To put €22 billion into the bank is a mistake of epic proportions. The bank in question was run by Seán FitzPatrick, David Drumm and Willie McAteer. It lied to the market about its true financial position. It was involved in the Irish Glass Bottle site fiasco. Its directors gave themselves secret loans. The Minister for Finance and his Government colleagues have presented themselves to the people and said "trust us". How can we do so, when we know how gullible and wrong the Government has been? Where is the evidence to show it knows what it is doing? Where is the evidence to suggest it is motivated by the public interest? What advice was the Government acting on when it gave a blanket guarantee to Anglo Irish Bank? We would like to know that. The figures we were given in 2008 have proved wildly wrong. The Government trusted people who were obviously not trustworthy. It refused to take control of banks that are important to this country, while buying in entirely to those that are not. There will be a price to pay for this. We are paying for it already. The people who will pay the highest price have not been born yet.

I am standing in for Senator Hanafin. I welcome the transfer of bonds, or non-performing debt in the banks, to NAMA. There is no doubt that what the banks have done has been shameful. They have been in denial for over three years. Lies were told to Oireachtas committees over the past three years.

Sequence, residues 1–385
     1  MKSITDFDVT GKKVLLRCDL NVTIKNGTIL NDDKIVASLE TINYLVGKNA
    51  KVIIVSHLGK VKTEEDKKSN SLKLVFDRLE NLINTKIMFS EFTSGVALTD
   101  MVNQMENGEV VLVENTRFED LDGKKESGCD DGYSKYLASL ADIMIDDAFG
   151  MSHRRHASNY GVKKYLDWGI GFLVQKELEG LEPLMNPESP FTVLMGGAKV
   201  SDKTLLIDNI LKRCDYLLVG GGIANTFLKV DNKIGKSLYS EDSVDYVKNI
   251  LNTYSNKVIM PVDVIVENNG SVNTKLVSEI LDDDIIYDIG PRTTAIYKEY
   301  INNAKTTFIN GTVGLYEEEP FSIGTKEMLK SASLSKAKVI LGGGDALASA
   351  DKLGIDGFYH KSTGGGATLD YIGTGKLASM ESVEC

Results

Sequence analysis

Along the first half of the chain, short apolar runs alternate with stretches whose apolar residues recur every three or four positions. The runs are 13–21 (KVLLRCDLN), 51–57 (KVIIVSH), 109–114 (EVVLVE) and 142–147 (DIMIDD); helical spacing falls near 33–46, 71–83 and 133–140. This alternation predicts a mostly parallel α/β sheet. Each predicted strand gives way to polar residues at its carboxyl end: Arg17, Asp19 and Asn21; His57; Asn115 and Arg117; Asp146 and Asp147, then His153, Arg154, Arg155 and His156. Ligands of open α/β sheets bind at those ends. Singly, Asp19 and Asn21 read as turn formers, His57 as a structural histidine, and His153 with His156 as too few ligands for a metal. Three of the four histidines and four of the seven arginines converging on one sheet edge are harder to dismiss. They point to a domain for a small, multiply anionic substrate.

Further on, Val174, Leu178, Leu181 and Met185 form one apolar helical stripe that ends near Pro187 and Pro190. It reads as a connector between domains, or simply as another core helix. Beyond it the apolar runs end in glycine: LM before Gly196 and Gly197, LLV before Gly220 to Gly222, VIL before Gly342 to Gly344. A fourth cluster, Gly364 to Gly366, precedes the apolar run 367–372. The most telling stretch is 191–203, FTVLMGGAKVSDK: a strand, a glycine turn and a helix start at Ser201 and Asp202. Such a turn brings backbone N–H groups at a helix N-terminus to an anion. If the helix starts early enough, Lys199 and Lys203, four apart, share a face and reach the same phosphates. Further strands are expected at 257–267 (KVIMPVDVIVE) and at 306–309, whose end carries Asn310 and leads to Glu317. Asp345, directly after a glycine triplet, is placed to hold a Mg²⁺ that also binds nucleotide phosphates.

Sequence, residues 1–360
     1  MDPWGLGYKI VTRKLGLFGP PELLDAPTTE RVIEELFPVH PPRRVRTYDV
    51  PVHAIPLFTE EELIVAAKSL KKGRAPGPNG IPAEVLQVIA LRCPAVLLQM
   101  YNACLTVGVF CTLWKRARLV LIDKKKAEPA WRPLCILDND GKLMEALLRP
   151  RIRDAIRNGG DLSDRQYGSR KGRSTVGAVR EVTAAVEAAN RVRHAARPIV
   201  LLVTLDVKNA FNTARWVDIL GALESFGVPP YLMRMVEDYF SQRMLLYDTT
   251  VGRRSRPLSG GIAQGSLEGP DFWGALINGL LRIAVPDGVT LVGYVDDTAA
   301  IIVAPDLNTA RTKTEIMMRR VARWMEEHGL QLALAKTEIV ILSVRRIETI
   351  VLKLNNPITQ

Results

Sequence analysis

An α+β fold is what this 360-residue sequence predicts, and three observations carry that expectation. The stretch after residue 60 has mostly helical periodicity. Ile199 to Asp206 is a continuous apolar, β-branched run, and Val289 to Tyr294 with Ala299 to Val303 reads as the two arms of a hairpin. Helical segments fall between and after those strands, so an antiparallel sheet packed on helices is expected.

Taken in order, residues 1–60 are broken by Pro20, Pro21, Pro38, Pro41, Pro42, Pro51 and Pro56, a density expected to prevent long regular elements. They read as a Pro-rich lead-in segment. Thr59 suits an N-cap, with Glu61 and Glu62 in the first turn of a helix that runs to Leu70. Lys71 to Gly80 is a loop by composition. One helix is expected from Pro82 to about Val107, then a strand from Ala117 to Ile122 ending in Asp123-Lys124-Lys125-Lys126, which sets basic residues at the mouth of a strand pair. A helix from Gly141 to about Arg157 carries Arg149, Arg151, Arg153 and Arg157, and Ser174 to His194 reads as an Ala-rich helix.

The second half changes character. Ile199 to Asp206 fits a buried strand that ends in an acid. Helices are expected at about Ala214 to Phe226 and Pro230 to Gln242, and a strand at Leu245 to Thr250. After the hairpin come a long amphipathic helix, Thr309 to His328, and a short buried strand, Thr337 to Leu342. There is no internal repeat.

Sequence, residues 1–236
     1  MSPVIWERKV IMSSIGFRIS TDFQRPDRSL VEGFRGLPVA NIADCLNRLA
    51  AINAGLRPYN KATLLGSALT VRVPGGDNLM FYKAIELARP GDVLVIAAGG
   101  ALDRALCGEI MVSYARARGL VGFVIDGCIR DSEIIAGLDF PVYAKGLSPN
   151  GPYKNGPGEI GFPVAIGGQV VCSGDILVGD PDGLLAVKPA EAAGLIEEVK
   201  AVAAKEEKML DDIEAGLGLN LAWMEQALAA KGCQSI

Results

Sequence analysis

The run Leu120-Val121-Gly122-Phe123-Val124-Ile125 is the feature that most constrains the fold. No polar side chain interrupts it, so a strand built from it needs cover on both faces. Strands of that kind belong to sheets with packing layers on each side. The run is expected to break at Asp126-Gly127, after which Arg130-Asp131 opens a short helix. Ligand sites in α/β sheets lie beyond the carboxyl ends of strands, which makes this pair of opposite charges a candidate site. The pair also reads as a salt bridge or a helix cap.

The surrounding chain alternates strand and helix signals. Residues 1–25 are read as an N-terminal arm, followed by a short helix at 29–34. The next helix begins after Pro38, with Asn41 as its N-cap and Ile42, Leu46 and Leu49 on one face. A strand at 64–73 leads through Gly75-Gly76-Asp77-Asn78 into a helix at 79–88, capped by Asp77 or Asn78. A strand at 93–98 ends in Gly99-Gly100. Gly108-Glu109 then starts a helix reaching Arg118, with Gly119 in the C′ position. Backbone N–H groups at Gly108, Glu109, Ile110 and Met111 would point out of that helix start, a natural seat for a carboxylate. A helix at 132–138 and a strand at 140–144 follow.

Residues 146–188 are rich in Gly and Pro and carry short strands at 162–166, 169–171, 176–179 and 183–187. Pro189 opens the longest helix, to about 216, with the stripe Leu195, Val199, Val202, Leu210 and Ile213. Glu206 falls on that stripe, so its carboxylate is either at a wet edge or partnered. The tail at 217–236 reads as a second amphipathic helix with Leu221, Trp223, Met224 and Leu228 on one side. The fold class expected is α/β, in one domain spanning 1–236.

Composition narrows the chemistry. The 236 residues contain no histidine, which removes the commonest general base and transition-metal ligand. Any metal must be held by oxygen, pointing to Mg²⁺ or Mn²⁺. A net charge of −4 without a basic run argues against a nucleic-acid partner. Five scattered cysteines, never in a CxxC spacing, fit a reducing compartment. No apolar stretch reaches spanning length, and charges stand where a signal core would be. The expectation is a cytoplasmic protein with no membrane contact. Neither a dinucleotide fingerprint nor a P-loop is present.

I welcome NAMA for a number of reasons. It forced the banks to tell us the truth, which we received yesterday. In the case of Anglo Irish Bank, it was worse than we thought. Nevertheless, we know exactly where the bottom is now. I welcome the plan that has been devised by the Government over the past 18 months as well as the stabilisation of the banks which has ensured we are credible on the bond market. We also have a big financial services industry that employs many people.

It is important we send out the right message and, in that respect, all we have to do is look at how the market received yesterday's news. It was very positive. Bank of Ireland shares went up 20% and AIB shares went up 7%. Our approach was generally welcomed by the European markets, and the ECB congratulated Ireland on the way we are dealing with the current banking crisis and tackling our finances. I welcome the news we have got from the unions over the weekend which will ensure the work done over the past three budgets to correct our finances will mean we are all working together. This provides a great opportunity to start from here. It would be foolish to think there will not be difficulties. There will be difficulties we will be able to work ourselves out of them.